Tuesday, March 11, 2008

Problem: No Drag-and-Drop On The iPhone/iPod Touch. Solution: Click-To-Click Move

As I mentioned in an earlier blog post, the drag-and-drop functions provided by various JavaScript libraries (jQuery, YUI, etc.) won't work in the iPhone/iPod Touch Safari web browser because the dragging gesture is used for scrolling around the web page.

That's a big problem for those of us who use drag-and-drop in our web applications to allow our users to reorder the items in a list, but I've come up with an alternative method for rearranging items using the jQuery JavaScript library that works on the iPhone/iPod browser as well as regular browsers. I call it the "Click-to-Click Move" method (CTCM).

The method involves the user making two clicks (or taps if they're using an iPhone/iPod). The first click is when the user clicks/taps on an HTML element (like an icon or hyperlink) within the item they want to move. That click fires off a jQuery-powered JavaScript function that creates target elements above each item in the list and a target below the last item in the list.

The second click/tap is when the user selects one of those targets as the new location for the item. That click/tap fires another jQuery-powered function that:

  • makes a copy of the item associated with the first click
  • deletes the original item
  • places the copied item beneath the target associated with the second click
  • deletes all the targets

The end result: the item has been repositioned within the DOM structure of the page. You can capture the new item order and save it via a form submit or an AJAX call.

I've put together a "to-do list" application to demonstrate the method. It's designed/optimized for viewing on an iPhone/iPod Touch Safari browser, but you can view it in a regular browser:


(Note: Non-iPhone/iPod users can also view it using the iPhone tester site http://www.iphonetester.com, which simulates the iPhone/iPod view minus the touch screen capability).

The demo includes a link to the GitHub repo where the code is hosted.

Finally, here are some screenshots from the "to-do list" demo:

The original list of items:

An item has been clicked, revealing the move, edit, and delete icons for the item:

The move icon has been clicked, and the target elements have been created:

The user clicked on the first target. The item is moved, the targets are deleted, and the list order has been changed:

Monday, March 10, 2008

BlueDragon Goes Open-Source: A Good Thing, But How Good?

Given all the other blog posts I've seen coming through my RSS feeds, this is hardly news at this point, but New Atlanta has decided to open-source their J2EE version of BlueDragon, a web application server package that runs/executes CFML (ColdFusion Markup Language, the language of ColdFusion):

New Atlanta announces free open source BlueDragon edition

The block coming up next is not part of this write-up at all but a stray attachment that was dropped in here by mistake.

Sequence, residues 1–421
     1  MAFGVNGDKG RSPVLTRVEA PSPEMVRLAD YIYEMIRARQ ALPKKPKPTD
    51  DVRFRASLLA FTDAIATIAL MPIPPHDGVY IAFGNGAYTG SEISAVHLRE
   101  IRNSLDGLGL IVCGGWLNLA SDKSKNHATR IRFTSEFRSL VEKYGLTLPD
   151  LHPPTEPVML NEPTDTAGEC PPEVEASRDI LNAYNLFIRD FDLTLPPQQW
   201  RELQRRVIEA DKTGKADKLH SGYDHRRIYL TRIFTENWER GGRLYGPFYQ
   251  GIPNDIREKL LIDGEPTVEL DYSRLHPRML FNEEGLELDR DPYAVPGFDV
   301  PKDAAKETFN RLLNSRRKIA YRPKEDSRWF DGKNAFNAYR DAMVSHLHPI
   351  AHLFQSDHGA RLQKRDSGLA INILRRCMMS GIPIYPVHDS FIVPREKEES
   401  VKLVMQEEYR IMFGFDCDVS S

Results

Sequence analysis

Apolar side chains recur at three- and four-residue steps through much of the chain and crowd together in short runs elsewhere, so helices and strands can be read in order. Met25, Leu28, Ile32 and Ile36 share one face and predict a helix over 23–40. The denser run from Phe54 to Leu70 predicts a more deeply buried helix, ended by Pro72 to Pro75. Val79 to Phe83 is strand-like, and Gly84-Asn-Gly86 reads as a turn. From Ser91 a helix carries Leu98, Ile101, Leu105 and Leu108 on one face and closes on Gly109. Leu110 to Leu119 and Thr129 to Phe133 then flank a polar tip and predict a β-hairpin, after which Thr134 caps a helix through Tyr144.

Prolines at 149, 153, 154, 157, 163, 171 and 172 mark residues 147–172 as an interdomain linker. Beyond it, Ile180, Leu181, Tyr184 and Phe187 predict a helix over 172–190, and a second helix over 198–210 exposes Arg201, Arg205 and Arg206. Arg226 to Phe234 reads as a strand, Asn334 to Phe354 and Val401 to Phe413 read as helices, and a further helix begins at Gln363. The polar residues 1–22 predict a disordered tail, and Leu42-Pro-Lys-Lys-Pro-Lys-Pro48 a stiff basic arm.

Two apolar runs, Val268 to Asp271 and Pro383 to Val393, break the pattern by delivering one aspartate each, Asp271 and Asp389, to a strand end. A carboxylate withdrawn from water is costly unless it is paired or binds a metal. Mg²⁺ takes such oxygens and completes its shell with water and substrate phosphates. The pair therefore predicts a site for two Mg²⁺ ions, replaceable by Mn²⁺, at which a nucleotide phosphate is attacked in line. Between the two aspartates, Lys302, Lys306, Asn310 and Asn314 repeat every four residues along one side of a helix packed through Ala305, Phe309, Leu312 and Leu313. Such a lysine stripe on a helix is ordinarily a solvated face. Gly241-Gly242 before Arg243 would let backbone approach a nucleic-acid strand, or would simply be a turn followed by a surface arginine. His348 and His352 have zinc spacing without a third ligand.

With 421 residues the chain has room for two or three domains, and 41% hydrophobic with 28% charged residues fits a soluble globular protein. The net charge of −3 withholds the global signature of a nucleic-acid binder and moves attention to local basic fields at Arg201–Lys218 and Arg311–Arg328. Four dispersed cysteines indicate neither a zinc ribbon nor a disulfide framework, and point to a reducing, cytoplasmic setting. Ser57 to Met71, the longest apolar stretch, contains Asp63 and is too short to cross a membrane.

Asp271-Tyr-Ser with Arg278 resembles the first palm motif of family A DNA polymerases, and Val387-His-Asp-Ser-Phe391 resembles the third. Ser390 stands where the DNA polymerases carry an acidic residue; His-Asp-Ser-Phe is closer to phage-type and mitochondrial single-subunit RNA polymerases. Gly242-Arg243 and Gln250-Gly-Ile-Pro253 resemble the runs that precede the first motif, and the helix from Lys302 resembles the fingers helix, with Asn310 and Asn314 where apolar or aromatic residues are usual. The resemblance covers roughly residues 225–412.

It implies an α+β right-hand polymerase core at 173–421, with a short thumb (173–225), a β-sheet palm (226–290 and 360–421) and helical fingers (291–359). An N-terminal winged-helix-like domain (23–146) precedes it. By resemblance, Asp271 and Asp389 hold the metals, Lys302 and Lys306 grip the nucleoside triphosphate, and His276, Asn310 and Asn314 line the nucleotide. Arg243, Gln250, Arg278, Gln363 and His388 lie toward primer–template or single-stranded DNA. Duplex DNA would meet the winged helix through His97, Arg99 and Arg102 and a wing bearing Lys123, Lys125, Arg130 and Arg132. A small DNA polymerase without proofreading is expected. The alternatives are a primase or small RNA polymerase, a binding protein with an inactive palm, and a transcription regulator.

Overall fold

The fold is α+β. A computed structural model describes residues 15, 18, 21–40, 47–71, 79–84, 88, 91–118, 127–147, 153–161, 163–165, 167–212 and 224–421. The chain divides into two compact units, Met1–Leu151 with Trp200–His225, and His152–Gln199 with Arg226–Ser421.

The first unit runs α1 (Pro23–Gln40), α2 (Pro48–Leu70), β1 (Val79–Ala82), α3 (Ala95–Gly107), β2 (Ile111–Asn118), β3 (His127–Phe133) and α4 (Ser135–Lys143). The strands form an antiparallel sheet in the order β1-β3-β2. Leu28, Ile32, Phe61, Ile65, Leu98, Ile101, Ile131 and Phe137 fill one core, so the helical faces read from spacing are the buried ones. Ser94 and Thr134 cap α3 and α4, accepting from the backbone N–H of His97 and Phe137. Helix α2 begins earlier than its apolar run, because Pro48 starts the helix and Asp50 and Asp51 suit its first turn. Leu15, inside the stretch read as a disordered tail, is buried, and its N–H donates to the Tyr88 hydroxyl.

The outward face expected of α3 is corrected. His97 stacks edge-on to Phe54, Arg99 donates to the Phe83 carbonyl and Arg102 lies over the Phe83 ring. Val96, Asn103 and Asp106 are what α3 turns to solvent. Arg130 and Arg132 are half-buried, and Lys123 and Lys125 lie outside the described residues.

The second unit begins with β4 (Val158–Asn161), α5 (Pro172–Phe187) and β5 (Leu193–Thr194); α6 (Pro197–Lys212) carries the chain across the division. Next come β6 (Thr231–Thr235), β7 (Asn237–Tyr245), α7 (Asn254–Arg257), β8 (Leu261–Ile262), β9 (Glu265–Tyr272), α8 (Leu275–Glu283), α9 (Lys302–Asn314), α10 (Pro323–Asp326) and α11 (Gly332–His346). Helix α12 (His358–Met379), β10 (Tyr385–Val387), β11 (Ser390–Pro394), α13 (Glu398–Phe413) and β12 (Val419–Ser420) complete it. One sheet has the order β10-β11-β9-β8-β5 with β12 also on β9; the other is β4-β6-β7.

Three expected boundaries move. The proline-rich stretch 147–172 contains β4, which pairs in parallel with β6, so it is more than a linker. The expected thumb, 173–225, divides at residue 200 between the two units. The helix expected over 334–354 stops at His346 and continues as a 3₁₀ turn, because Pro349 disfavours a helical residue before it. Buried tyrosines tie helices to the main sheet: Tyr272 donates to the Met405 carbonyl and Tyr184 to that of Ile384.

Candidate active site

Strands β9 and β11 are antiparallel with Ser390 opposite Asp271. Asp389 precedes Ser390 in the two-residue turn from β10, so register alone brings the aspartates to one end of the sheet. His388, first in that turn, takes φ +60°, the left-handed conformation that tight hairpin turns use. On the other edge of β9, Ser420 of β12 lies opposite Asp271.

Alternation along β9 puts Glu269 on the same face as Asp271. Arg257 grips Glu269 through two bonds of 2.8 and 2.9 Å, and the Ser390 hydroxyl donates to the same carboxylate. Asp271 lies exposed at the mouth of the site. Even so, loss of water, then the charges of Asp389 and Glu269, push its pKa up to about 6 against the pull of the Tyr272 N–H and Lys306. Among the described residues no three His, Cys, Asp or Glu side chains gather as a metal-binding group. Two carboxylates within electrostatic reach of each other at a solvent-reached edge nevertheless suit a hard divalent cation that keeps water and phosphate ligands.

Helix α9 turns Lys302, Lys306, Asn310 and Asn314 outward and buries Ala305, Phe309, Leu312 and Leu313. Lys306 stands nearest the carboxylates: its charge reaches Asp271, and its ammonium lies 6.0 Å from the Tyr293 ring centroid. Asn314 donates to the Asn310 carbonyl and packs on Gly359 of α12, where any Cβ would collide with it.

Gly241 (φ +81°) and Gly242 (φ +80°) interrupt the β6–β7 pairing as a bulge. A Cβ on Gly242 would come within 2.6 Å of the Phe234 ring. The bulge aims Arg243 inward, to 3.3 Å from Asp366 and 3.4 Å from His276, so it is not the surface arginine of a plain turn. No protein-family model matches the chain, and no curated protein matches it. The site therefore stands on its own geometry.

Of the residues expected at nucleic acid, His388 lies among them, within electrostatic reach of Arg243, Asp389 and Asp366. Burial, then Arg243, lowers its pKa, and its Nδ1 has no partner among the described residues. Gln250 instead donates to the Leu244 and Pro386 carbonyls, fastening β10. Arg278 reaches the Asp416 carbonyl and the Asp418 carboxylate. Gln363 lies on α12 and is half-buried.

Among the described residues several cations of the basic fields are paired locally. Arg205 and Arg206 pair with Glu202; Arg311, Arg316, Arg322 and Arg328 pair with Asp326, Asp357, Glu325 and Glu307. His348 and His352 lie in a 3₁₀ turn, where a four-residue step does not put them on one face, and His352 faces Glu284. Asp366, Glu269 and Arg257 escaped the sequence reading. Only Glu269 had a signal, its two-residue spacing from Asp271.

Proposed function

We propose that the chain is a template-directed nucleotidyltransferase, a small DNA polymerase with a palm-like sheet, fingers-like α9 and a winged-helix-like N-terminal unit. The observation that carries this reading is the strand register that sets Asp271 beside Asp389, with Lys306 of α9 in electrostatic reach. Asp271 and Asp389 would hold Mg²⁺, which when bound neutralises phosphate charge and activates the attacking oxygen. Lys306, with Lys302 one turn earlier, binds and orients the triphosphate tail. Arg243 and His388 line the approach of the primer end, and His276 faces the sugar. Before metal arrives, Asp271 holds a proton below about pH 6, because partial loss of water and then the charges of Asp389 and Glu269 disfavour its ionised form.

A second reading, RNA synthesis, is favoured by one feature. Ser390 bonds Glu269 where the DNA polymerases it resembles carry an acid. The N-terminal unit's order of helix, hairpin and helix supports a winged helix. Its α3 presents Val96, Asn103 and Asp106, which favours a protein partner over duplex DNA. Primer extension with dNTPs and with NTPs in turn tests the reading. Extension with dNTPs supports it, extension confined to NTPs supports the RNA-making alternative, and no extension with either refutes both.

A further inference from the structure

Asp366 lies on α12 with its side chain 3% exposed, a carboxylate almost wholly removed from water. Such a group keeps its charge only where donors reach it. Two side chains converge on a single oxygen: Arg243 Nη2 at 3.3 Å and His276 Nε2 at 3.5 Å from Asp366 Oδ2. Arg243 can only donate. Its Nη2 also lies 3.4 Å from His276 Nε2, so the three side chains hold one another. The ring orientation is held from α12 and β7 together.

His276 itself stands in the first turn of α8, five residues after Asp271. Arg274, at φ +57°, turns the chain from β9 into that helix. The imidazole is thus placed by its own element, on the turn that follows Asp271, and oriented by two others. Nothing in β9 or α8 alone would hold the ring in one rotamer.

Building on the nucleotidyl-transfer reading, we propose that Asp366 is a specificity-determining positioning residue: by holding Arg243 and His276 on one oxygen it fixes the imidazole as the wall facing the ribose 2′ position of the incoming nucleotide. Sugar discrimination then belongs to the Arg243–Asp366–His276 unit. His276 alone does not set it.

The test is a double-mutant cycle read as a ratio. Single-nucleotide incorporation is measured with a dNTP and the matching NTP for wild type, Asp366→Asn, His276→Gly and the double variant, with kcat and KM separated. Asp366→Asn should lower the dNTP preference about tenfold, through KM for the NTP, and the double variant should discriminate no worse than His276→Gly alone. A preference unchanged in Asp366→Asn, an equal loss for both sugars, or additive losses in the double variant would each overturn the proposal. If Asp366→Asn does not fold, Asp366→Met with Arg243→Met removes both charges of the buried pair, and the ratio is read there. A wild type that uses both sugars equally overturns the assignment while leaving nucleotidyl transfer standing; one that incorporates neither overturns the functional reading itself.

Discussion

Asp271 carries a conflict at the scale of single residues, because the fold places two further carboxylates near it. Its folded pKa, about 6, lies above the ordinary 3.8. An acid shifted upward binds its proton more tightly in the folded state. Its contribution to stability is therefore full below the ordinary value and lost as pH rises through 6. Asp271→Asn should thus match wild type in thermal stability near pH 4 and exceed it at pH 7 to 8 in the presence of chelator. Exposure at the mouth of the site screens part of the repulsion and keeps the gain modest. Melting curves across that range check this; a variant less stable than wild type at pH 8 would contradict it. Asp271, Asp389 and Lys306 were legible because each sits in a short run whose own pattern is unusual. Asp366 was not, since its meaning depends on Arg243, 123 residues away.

I'm certainly happy about this development (as are many ColdFusion developers) because that means that anyone who wants to develop with ColdFusion will now have access to a robust CFML application server without having to spend money for the server software: money is no longer an excuse for avoiding ColdFusion.

But whether or not this announcement will have a significant impact on the prevalence of CFML as a development language in the marketplace remains to be seen. If New Atlanta makes an effort to market BlueDragon to web hosting companies who currently don't offer any ColdFusion development packages, we might see an increase in ColdFusion adoption simply because it's available as an option for developers whose clients rely on 3rd-party web hosting. They will also have to increase awareness of BlueDragon amongst the non-ColdFusion developer community and make it clear to those developers that BlueDragon is a serious, enterprise-class alternative to Adobe's ColdFusion server.

If New Atlanta does all that, perhaps we'll see that surge in ColdFusion adoption we thought would come when price was no longer an issue. But what if that surge never comes? What if price wasn't the big issue after all?

Then what?

Wednesday, March 5, 2008

Internet Explorer 8's Webslices Feature: Widgetizing Pieces of Web Pages?

The first public beta of Internet Explorer 8 was released today. In addition to supposedly being fully web standards-compliant, IE 8 comes with two new...well, capabilites: Activities and Webslices.

Curious (and admittedly a bit bored with what I was currently doing), I did a Google search and came up with a page that does a pretty good job of explaining Activities and Webslices:

IE8 Beta Is Out And With It Some Slices & Activities

The Activities capability allows web developers to provide XML code that will add contextual menu options to certain page content when you right-click on that content, allowing you to send that content to another web page or service, like sending an address on the page to a mapping service like Google Maps.

The Webslices capability is even more interesting (if I understand it correctly): using CSS, web developers can tag a piece of the web page as being a slice. End-users can then save this slice in IE, and IE will periodically check that slice for any changes. If the content is changed, the end-user is notified and they can pull up just that part of that web page as a pop-up widget in the browser.

I don't quite know what to make of it...it's like they've made it possible to send a request to a webservice from the page (Activities) and to make part of the page a webservice (Webslices).

It's an interesting idea, but what will the other browsers do with this stuff?